Philosophy for Children Essay

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I. The concept of the Community of Inquiry

Central to the heart of P4C lies the notion of a community of inquiry. Originally a term from Pierce to reference interaction among scientists, the concept of "COI" dominates the discussion of educational revisionism as presented by commentators on the P4C movement. The key description marking a COI is: a group (a social setting) of individuals who use dialogue (interaction among participants) to search out the problematic borders of a puzzling concept (inquiry as philosophical.) Implicit in the ideal workings of this group are two key concepts:

a demonstration of thinking that is caring (each member is supported and allowed to be an integral member of the community), creative (new ideas
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Two of these controversial issues are:

the ontological nature of the individual vs. that of the community the criteria of a "good" reason (the question of truth) or discovery vs. construction
It is important to recognize the presence of these issues within the P4C method and to explore how these issues color our vision of that method. We will note certain tensions among writers about P4C in terms of which metaphysical vision best embraces the ideals behind the COI. In the sections below I will suggest also a series of questions that are provoked by discussions of the COI which will hopefully lead to further reflection and dialogue with the P4C community itself.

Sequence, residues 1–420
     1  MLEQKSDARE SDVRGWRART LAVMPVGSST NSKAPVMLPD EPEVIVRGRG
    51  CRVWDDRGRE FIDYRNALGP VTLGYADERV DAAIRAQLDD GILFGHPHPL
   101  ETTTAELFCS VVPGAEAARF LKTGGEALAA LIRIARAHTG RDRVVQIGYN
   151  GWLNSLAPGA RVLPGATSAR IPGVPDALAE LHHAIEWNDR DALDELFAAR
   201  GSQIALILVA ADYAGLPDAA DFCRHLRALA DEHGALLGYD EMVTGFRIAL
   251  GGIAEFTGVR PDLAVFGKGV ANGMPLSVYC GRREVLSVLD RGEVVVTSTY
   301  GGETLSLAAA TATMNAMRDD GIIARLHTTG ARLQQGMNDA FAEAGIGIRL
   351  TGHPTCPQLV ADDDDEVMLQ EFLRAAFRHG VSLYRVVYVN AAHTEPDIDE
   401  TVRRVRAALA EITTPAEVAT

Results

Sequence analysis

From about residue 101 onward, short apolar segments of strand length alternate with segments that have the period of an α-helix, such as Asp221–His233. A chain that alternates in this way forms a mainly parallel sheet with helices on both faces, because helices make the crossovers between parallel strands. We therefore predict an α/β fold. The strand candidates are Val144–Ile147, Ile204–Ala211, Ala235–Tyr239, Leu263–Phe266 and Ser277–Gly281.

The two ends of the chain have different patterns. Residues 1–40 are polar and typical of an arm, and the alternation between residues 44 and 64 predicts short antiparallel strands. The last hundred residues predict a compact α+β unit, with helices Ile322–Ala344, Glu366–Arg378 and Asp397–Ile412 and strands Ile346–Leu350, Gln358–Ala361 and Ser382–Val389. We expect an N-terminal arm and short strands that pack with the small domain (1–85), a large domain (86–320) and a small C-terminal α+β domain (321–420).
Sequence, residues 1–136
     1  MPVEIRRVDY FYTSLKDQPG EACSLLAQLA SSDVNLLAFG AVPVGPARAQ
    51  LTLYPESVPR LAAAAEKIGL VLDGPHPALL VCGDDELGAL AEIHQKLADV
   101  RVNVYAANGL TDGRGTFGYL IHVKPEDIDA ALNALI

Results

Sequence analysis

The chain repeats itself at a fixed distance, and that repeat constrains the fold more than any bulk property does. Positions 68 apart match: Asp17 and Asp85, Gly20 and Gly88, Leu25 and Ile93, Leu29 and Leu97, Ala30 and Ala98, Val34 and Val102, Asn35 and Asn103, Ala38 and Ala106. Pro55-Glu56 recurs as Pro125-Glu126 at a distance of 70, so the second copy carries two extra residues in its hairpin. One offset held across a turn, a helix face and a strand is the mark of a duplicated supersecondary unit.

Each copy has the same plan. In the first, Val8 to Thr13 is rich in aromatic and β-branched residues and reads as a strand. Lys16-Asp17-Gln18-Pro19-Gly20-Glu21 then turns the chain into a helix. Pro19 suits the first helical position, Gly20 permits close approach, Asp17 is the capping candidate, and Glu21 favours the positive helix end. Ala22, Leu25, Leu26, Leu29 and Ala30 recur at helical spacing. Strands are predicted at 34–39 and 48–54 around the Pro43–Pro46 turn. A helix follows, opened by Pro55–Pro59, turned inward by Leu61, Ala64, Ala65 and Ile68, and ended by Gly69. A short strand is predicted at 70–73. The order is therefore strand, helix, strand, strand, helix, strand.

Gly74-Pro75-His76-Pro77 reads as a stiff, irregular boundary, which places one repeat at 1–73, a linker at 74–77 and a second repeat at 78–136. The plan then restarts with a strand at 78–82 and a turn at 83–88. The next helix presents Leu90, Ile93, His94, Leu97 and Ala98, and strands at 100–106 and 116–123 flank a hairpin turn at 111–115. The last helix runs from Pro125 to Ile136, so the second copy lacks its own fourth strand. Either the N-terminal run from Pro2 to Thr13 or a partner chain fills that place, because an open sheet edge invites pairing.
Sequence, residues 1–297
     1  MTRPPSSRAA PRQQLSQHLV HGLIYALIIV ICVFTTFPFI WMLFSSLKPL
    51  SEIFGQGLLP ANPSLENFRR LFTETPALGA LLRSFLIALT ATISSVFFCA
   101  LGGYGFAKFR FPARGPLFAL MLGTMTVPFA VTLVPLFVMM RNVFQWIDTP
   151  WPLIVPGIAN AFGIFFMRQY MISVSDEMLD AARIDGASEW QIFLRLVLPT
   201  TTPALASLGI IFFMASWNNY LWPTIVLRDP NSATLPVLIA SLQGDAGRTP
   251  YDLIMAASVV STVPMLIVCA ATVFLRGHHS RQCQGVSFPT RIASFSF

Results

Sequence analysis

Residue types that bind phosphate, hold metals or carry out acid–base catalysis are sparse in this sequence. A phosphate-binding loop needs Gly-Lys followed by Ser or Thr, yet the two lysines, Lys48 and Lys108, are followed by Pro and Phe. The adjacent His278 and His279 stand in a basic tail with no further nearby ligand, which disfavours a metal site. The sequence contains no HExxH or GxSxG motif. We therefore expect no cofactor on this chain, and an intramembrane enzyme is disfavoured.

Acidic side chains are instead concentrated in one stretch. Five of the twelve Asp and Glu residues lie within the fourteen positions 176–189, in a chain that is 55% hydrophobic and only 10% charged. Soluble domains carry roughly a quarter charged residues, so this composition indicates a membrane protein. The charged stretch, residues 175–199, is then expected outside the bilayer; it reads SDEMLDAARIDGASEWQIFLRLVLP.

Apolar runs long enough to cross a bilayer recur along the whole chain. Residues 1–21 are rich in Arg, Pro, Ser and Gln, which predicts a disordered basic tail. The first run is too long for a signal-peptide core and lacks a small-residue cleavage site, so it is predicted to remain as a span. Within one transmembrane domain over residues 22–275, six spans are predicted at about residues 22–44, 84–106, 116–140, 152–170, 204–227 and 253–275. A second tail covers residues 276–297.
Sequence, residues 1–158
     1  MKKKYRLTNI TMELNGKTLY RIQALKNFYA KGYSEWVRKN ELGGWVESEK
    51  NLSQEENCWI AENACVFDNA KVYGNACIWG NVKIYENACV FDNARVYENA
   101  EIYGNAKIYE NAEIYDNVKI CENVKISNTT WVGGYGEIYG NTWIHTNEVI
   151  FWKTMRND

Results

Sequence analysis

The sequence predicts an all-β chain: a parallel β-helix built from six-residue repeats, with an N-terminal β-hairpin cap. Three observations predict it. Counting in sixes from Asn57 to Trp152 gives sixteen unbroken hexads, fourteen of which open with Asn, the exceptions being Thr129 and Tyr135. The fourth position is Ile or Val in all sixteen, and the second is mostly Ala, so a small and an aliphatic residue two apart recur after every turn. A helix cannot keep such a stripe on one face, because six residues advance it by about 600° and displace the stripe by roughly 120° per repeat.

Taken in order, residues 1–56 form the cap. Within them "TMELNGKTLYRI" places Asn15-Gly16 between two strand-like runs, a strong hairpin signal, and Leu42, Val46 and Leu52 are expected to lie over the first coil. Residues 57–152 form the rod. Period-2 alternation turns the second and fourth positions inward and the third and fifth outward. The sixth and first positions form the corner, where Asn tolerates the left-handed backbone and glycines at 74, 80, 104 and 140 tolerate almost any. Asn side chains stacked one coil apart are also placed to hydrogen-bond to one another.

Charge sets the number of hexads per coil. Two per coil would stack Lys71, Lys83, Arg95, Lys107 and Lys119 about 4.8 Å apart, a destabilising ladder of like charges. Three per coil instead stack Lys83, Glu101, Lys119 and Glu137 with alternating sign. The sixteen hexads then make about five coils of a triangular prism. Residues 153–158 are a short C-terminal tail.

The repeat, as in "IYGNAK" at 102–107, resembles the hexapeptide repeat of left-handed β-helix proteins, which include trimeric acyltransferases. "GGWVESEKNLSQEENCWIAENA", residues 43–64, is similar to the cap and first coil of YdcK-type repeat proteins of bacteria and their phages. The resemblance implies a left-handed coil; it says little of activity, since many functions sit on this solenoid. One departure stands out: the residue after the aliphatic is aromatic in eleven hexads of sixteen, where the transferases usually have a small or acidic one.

II. Individual vs. Community

In his article "The Five Communities" (1) David Kennedy offers us a rich differentiation of a COI into communities of gesture, language, mind, love, and interest. (2) The concepts of gesture and language highlight the nuances of human communication that embrace physical stance, the unspoken presentation of the body itself as response and the powerful nature of spoken language as enriched by "stress, pitch, contour and juncture" (3) in addition to one's personal vocabulary and idiosyncratic use of words. By his phrase, "community of mind" Kennedy attempts to capture a phenomenological sense of mind as active agent immersed in a spatio-temporal-affective locus which is ever changing. He draws a portrait of the situatedness of thought which nevertheless struggles to
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